Written by Karl Peskett
Human nature dictates that we all have a measure of self-esteem. So, if we’re truly honest, we all take pride in thinking we’re a good driver. We may have even attended the odd track day.
For a minute, imagine racing with cabin temperatures of 60°C and suiting up in full leathers. Replace the tarmac with sand, the ripple strips with shrubs. Forget learning turns one and four; you’ll need a map, travelling across dunes for upwards of five hundred kilometres in a day.
It doesn’t matter any more if you think you’re good. Thoughts don’t have time to float to the surface when you are a participant in possibly the world’s most challenging and gruelling race – the Dakar.
Peugeot knows this better than most. After a successful run with its 2008 DKR earlier this year, it has now unveiled its successor, the Peugeot 3008 DKR.
While its previous machine was certainly capable, Peugeot has gone through it with a fine-toothed comb, identifying any weaknesses and improving upon them, as well as taking advantage of the leaps and bounds in electronic processing speeds that only come with time.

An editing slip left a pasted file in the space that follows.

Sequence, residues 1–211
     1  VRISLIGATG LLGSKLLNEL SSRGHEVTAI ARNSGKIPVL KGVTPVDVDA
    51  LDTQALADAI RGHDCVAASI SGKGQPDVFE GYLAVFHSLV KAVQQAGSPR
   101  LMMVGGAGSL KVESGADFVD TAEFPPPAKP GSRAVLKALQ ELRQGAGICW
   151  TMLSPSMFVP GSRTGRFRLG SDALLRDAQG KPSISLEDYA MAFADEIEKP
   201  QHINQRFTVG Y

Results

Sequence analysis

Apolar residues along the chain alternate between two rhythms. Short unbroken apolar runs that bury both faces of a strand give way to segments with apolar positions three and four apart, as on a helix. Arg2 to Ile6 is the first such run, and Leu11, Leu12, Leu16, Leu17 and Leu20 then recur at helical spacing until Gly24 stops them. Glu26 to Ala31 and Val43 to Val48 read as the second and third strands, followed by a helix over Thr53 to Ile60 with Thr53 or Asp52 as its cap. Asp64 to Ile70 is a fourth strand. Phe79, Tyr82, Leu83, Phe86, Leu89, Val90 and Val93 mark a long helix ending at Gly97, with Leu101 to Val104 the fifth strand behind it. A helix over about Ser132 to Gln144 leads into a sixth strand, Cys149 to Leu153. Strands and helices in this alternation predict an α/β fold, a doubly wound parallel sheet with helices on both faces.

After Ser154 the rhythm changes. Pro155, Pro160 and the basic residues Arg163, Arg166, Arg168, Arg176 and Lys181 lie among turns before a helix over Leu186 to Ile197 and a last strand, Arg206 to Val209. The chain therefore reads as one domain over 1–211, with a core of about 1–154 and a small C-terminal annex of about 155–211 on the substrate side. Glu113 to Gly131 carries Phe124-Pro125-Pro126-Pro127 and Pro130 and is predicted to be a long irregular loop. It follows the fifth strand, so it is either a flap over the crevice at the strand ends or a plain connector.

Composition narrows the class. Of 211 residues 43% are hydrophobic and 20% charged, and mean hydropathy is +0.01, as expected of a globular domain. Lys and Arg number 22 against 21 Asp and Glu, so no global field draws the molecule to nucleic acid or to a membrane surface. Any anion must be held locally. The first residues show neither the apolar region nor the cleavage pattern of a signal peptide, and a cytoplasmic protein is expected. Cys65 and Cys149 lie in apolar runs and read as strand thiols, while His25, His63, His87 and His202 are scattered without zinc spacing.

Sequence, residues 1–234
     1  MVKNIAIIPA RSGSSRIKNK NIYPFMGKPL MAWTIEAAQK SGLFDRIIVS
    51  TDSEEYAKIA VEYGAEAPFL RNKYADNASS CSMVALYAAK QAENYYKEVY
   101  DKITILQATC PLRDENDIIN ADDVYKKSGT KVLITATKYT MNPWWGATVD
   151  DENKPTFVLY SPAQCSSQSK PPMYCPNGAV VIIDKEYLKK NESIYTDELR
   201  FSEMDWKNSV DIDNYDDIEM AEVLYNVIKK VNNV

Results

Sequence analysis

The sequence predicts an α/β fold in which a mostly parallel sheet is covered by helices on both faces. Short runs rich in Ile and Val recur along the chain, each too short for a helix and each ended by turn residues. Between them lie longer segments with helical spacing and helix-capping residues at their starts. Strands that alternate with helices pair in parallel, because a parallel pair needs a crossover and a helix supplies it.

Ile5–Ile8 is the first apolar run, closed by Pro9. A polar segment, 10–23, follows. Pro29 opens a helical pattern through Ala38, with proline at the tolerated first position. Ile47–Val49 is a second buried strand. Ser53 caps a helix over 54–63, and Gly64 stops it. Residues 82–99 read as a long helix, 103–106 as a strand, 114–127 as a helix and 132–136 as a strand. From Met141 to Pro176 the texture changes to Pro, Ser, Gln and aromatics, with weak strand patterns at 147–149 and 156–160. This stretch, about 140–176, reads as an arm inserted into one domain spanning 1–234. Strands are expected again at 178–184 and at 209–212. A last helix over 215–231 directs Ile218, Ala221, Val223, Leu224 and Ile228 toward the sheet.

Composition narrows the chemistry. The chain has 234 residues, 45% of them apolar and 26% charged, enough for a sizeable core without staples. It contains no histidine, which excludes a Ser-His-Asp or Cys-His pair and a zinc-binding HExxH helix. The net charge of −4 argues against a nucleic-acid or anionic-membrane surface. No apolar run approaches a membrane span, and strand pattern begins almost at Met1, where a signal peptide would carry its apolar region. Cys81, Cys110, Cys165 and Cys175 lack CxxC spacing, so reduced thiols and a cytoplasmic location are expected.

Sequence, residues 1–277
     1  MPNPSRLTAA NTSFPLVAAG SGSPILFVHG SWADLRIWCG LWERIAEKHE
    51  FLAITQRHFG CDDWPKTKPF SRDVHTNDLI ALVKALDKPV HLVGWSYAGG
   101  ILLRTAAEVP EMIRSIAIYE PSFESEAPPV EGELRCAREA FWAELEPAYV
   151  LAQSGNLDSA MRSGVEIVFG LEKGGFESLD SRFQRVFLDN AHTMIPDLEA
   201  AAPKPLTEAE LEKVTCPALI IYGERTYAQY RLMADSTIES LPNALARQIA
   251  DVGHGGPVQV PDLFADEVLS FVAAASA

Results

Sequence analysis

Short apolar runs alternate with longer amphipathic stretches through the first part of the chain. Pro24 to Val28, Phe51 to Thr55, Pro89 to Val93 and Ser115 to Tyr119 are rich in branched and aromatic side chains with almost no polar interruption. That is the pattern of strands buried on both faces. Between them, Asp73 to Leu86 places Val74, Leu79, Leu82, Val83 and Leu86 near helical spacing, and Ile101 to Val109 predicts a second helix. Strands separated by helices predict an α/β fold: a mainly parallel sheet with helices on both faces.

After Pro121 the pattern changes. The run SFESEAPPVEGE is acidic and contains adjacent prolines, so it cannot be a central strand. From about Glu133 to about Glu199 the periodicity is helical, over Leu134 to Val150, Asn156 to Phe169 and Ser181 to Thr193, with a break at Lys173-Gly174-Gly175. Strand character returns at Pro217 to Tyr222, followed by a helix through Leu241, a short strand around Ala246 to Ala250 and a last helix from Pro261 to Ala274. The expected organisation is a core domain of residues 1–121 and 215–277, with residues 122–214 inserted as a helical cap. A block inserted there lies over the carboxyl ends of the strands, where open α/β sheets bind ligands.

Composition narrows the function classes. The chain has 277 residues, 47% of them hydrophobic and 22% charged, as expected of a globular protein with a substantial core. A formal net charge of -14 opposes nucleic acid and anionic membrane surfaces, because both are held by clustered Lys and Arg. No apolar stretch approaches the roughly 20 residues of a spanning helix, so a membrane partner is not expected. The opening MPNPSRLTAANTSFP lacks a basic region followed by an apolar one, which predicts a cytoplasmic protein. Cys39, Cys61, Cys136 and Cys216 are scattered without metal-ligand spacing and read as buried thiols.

It’s still a rear-wheel-drive machine (not having all-wheel-drive hasn’t been an impediment), but the engineers have had to deal with a new rule which has reduced the engine restrictor from 39mm to 38mm this year. As a result, a lot of homework has been carried out on the twin-turbo, 3.0l V6 diesel, creating more power lower in the rev range for enhanced driveability.
Using the 2008 DKR’s suspension as its basis, the new car has built on the absorption by altering the geometry and installing new dampers. An improved air-conditioning system, too, will allow the drivers to be more refreshed inside the car, which aids concentration given that they will be spending potentially 12 hours in the car each day of the race.
Covering nearly 10,000km across varied terrain and altitudes, the Dakar is without a doubt one of the hardest races for any driver to tackle, but Peugeot’s team reckons it has the right stuff. One thing’s for sure, if they can make a car that can withstand Dakar-style abuse, the company’s road-going vehicles will certainly benefit from such a test programme.